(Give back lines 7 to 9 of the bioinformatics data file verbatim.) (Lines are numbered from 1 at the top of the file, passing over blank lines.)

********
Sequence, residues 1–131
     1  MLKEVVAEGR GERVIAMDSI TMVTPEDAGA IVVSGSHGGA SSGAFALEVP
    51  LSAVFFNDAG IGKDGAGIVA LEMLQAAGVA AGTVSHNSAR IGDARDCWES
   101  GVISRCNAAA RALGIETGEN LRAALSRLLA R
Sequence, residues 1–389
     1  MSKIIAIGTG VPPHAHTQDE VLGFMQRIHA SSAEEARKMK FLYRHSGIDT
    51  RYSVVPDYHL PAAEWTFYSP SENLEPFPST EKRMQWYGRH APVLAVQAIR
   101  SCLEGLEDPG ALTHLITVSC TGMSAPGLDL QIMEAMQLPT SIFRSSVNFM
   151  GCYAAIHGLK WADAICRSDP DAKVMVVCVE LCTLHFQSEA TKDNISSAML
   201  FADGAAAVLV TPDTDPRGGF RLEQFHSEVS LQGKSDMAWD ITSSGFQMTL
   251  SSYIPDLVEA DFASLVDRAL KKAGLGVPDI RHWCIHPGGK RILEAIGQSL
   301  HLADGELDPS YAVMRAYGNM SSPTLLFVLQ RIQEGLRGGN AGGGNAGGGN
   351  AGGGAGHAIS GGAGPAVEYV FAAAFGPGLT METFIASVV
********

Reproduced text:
    51  RYSVVPDYHL PAAEWTFYSP SENLEPFPST EKRMQWYGRH APVLAVQAIR
   101  SCLEGLEDPG ALTHLITVSC TGMSAPGLDL QIMEAMQLPT SIFRSSVNFM
   151  GCYAAIHGLK WADAICRSDP DAKVMVVCVE LCTLHFQSEA TKDNISSAML